AMITIAE - Saturday 19 January 2013
A Tech-free Weekend (1): Bangkok to Uttaradit - in which we see a former political strongman riding his motorbike; and a colleague talks about the iPhone2 he still uses.
By Graham K. Rogers
I picked up my second camera from the office, along with a spare iPhone charger. To lighten some of the load in my bags, I donated a bottle (with suitable contents) for Saturday night's usual celebrations. There were suitable sounds of approval from the guys. As usual I staked my claim upstairs at the front of the bus: a good view and slightly separate from the students who gravitate to the rear seats. A college grabbed a seat on the left of the aisle near me and was asleep in seconds. How does he do that?
We stopped for a bathroom break just north of Ayuddhaya around 09:30. There was a group of motorcyclists there having a break. From what I could see most of the bikes were BMW and there was an R80g/s like I had owned a few years back, but with the Paris-Dakkar tank (far greater fuel capacity). The bike had also been looked after much better than mine. I spoke to one and the group was on its way to Chiang Mai.
Even though we were travelling on the main highway the the north, it was nice to get out of the city again. On either side, not too far from the road, there are some lovely views of the surrounding countryside which was still flat: no hills in sight. Flat, green areas of rice fields, edged with trees and the occasional building: so typical for this part of the world. And in the fields, specks of white as herons and egrets do their part in the chain.
With the 3G signal intermittent here - not far from Chaiyo and to the west of Lopburi - satellite displays on the Maps app were too slow, although the maps loaded OK. The movement of the bus on the map was quite accurate.
As I expected, the students stopped singing and there was some quiet - at least for a while.
I learned all this years ago when I was a policeman in the UK, so I was interested to see an announcement from the Thai government (on Thursday) saying that as from next year, all such trucks would have to display large orange boards to show the information. As well as the codes, an icon to indicate the type of substance, along with emergency contact numbers and other information: all about 35 years too late. For years here, the responsible companies have had good information displayed; but of course it is those who are not responsible that will always cause the problems, orange boards or not.
After lunch my colleague was awake so we chatted about the students, about teaching, about presentations and writing skills. The chat was quite wide-ranging, but as he had been playing with his 3D printer all night, he was tired and dozed off again.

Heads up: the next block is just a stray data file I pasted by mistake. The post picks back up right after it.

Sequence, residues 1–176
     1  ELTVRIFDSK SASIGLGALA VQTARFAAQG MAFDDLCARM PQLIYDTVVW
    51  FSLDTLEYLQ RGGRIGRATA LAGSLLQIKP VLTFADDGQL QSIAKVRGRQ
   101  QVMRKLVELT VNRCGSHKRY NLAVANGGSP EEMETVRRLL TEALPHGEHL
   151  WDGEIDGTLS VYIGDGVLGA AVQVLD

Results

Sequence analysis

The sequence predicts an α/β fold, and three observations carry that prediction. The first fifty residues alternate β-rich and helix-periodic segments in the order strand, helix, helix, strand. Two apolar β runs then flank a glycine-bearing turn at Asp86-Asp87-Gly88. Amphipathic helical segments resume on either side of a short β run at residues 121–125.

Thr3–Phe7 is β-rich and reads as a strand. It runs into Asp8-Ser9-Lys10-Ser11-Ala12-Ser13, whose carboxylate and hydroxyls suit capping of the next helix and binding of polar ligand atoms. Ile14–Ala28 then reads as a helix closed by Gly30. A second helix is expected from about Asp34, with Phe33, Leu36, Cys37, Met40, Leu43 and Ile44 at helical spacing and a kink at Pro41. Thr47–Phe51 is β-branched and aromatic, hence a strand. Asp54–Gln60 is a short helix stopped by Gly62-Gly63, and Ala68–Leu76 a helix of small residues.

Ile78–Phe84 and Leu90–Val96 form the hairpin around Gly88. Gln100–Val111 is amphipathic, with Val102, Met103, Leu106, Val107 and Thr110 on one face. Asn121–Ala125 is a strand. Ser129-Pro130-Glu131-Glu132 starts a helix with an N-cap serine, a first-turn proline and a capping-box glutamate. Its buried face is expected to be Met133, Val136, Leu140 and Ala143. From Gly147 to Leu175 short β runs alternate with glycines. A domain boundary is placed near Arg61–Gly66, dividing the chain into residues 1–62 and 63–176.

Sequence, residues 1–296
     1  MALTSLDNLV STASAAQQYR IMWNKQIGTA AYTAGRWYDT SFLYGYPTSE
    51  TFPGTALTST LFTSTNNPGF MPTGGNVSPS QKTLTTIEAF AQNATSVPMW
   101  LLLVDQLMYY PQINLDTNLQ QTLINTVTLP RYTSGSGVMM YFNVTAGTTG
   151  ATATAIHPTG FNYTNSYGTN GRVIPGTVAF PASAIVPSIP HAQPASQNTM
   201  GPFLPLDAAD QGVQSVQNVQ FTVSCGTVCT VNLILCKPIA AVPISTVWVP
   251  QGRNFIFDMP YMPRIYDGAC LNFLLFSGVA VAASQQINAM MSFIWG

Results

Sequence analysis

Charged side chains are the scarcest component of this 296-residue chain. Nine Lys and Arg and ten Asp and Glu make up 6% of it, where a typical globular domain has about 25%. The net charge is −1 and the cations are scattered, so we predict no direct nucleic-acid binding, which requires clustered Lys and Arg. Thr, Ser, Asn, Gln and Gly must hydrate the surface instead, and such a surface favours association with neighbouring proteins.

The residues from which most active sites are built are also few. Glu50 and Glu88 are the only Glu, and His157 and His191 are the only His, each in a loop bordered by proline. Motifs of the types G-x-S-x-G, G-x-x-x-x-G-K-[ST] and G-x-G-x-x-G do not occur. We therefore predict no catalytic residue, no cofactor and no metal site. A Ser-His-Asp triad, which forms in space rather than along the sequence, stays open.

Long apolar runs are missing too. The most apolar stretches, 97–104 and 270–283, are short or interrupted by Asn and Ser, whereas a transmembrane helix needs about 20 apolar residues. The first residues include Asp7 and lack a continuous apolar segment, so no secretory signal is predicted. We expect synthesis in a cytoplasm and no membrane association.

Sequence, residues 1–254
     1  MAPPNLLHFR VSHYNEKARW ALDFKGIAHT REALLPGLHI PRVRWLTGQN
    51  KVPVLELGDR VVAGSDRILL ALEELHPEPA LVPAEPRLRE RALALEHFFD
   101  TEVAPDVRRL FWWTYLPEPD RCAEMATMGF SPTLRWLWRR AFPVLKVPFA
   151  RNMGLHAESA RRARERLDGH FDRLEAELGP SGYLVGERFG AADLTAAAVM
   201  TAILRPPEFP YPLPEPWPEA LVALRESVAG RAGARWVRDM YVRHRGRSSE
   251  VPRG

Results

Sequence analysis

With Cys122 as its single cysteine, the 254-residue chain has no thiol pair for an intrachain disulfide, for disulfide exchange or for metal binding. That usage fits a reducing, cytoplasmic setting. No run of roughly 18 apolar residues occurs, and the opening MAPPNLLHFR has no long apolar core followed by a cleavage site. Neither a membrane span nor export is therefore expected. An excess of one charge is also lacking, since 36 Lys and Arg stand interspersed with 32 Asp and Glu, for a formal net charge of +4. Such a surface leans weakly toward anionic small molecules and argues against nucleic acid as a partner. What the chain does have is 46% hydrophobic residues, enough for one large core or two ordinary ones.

He was one of the early iPhone owners in Thailand as he bought his iPhone2 while still studying in the USA. I noticed last week some considerable comments on the point that one user still had his iPhone 3G; but my colleague is still using his iPhone2. His main reasons revolve round the phone (of course) and the way that Outlook on his PC synchronizes his contacts.
At Phitsanulok, not long after passing the campus of Mahasarakham University, we turned off to the left, to avoid going through the city. Although Uttaradit was not yet sign-posted this looked like the last (200 Kms) leg, although there were still a couple of road changes and then the final few kilometres to the dam. There was no 3G, the battery was low and I needed the bathroom.
We stopped at an intersection. As the lights changed, our driver moved off, gently through the gears, passing another tour bus. The second bus raced the engine through the gears and was soon ahead. Our bus driver just held back. At the next junction, the other bus turned off: nobody won.
We eventually reached Highway 11 and Uttaradit was at last shown on the signs. Not long after, we stopped for fuel and a very welcome bathroom break. Another group of large motorcycles - a mix of BMW and other makes - pulled in and while we were there some of the students started chatting to one of the riders. This was Newin Chidchob, a famous (perhaps infamous) politician. He was happy enough to shat to my students and was willing to be photographed, so this shows a pleasant side. He rides motorcycles for Heavens' sake.
As much as I would like to ride again, it is a case of been there, done that: we have moved on.
The ground was dry and in places there was not much green. Although it is January, it has not rained for weeks in this part of the country and in some places crops, like sugar cane and cassava, are being harvested. Some trees near the road had gorgeous autumnal hues: others were vivid green.
Just outside Utaradit, the group of motorcyclists we had seen at the last gas stop, caught us up, headed to the front of the line at a set of traffic lights and were gone. Nicely done. Shadows had begun to lengthen and we still had a few kilometres past Uttaradit to go. Below me the two drivers were still chatting over their radios, with occasional interruptions from Miss GPS. We turned right and just after she announced, "go straight" in confirmation when the turn was made.
Graham K. Rogers teaches at the Faculty of Engineering, Mahidol University in Thailand. He wrote in the Bangkok Post, Database supplement on IT subjects. For the last seven years of Database he wrote a column on Apple and Macs.
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